Using ANY mobile phone when driving is dangerous
About Mobile phones
Using a mobile phone, sat nav, or any similar device whilst driving means that the driver’s attention is distracted from the road. Studies show that drivers using a hands-free or handheld mobile phone are slower at recognising and reacting to hazards, even careful drivers can be distracted by a call or text and a lapse in concentration could result in a crash.
The law state’s that it is illegal to use a handheld mobile when driving. This includes using your mobile phone to follow a map, read a text or check social media. This applies even if you’re stopped at traffic lights or queuing in traffic.
You can only use a handheld phone if you are safely parked or need to call 999 or 112 in an emergency and it’s unsafe or impractical to stop. If you’re caught using a handheld phone while driving, you’ll get 6 penalty points on your licence and a fine of £200. Points on your licence will result in higher insurance costs.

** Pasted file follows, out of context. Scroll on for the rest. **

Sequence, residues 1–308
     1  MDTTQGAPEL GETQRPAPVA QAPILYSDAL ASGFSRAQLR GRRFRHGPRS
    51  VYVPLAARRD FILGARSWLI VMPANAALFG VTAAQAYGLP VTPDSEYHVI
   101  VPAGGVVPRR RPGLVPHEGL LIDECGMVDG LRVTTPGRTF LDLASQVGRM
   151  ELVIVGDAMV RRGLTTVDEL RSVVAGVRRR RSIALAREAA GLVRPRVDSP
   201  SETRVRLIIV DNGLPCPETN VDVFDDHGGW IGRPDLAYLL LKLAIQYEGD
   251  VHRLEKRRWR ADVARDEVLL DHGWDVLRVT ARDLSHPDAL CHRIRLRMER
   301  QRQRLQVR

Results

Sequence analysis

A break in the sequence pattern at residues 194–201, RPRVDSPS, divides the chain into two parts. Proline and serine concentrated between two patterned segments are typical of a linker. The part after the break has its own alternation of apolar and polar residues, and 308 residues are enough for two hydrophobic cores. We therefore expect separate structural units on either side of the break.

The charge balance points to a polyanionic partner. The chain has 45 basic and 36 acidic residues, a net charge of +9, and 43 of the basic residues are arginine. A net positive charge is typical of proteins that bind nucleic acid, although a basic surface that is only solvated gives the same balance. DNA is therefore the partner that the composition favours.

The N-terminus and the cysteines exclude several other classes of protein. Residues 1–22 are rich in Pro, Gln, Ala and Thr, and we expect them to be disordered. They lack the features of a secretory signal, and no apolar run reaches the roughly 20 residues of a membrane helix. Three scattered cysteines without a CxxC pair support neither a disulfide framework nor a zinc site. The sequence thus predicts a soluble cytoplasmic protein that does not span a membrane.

You may use a hands-free phone while driving but you can still be prosecuted if you’re not in proper control of your vehicle. The penalties are same as being caught using a handheld phone. The penalties for driving carelessly or dangerously when using a handheld or hands-free phone can include disqualification, a large fine and up to two years imprisonment.
A recent study in Sweden considering the growing research base on the subject concludes: “There is no evidence suggesting that hands-free mobile phone use is less risky than handheld use. Nevertheless, a large percentage of drivers think that hands-free sets are much safer to use than handheld sets.”
Using a mobile telephone in the car leads to an increase in reaction times and also in the number of ‘missed events’. If your telephone is ringing and you need to answer the call, find a safe place to pull over and turn off the engine before you pick up the phone.